Moving Freight from Road to Rail continued 

November 14, 2018

We continue our discussion on creating dedicated hubs for moving freight from road to rail.

Under the right circumstances, rail transport has the potential to be a cost-effective freight transport option. It could assist in making the economy more efficient, provide access for freight and passenger movements, and be an environmentally sustainable transport solution.

However, as Transnet Freight Rail has observed, rail transport has its limitations. The main disadvantage is its limited flexibility in terms of destinations located off main freight and passenger movement corridors – especially non-corridor movements in rural and metropolitan areas.

As discussed in the last issue, hubs dedicated to moving freight from road to rail (R2R) are a possible solution. These hubs would serve as collection points for bulk and break-bulk cargo, serving both import and export functions. Their focus should be collection and distribution of rail-friendly and competitive freight, including bulk and large break-bulk commodity-based freight.

In the last issue, we discussed the location and infrastructure as the first two factors that must be considered to make the hubs effective. Here are three further factors to consider:


• Would the rail operator itself operate each R2R Hub or create a separate R2R Hub operator?

• Would this operator build and operate the hub, or simply operate it?

• There are a number of options requiring careful consideration given the number of hubs required, and their ability to generate independent revenue so as not to increase the costs of moving goods from road to rail.

• There may be advantages to having a neutral body develop and operate the hubs, but we would caution against over complicating the model.

• The operator would need to manage not just the logistics relevant to the receipt, storage and despatch of the goods, but also the shunting and other operations relevant to rail.


• R2R Hubs have the potential to allow for product beneficiation opportunities, which is an ongoing policy imperative in commodity-rich countries such as South Africa.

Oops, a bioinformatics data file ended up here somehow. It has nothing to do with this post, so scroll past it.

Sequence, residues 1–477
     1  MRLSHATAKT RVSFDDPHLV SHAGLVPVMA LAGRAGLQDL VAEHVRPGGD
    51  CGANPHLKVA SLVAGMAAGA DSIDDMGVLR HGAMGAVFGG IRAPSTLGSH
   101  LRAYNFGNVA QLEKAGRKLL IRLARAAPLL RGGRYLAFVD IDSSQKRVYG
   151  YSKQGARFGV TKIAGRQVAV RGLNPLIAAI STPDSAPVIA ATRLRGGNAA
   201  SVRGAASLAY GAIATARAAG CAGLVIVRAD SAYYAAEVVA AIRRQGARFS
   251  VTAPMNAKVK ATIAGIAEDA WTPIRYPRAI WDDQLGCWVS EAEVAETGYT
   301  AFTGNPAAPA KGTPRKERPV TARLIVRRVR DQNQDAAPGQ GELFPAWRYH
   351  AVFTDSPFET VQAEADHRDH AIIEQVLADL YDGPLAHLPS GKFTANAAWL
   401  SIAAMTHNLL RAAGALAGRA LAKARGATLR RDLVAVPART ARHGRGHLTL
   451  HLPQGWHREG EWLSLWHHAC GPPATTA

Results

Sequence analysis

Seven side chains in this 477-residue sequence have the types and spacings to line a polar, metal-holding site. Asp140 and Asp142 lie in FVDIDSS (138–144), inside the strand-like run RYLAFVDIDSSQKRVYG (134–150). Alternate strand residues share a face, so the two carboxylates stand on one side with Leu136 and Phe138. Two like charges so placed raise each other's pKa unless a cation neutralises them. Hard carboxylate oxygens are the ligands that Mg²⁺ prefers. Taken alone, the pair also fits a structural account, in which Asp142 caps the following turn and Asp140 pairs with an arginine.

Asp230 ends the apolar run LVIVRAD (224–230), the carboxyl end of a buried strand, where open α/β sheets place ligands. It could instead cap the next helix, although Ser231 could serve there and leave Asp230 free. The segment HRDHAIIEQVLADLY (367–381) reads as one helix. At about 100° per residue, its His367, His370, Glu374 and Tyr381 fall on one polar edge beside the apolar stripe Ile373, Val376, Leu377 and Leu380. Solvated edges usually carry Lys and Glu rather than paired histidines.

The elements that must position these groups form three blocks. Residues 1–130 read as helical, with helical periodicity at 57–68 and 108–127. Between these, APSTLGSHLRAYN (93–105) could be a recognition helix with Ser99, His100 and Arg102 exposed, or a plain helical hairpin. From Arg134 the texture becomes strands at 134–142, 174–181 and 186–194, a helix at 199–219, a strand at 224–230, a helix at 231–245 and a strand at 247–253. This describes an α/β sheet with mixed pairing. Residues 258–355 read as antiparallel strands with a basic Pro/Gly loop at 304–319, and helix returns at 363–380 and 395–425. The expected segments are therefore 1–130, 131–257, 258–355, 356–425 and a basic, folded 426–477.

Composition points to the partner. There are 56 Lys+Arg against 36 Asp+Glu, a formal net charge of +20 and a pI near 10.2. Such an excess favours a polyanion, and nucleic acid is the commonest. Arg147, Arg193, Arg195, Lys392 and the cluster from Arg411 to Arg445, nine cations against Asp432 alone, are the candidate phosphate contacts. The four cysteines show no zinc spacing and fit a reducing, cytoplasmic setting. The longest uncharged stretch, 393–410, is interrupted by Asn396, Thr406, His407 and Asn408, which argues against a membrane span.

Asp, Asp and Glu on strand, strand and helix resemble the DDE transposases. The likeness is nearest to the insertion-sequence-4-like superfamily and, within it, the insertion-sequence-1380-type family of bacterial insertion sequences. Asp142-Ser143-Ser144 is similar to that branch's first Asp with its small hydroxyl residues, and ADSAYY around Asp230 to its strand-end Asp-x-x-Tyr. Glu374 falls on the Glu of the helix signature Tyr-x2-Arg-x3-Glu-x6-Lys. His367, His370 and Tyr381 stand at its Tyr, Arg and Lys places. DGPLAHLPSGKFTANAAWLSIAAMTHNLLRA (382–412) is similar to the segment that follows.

• The opportunities for the beneficiation of the goods is not limited to the goods themselves – there may be options associated with services related to the movement, sorting, packaging or storage of those goods.

• When developing the R2R Hubs, beneficiation ought to be considered and provided for.


• Most studies of intermodal connectivity point out the importance of locating hubs in areas where there is a suitable, stable workforce with the appropriate skills.

• While basic skills would no doubt be available locally, specialist skills may initially need to be imported, and such a skilled workforce adequately accommodated.

• In creating this accommodation, we would recommend that an attractive satellite residential area be created rather than the workforce being settled within the hub.

Rail transport, properly implemented, has many advantages. We need to find creative ways to make it work.

Andrew Robinson is the head of Transport for Africa and Practice Group Leader for Disputes, based across the Norton Rose Fulbright offices in Durban and Cape Town. Robinson is primarily a transport lawyer and specialises in both commercial and the litigation aspects of international trade, shipping, admiralty, marine insurance, transport, logistics and marine environmental law. He is head of the practice’s Admiralty and Shipping team. *This article was compiled with assistance from Abongile Swana.

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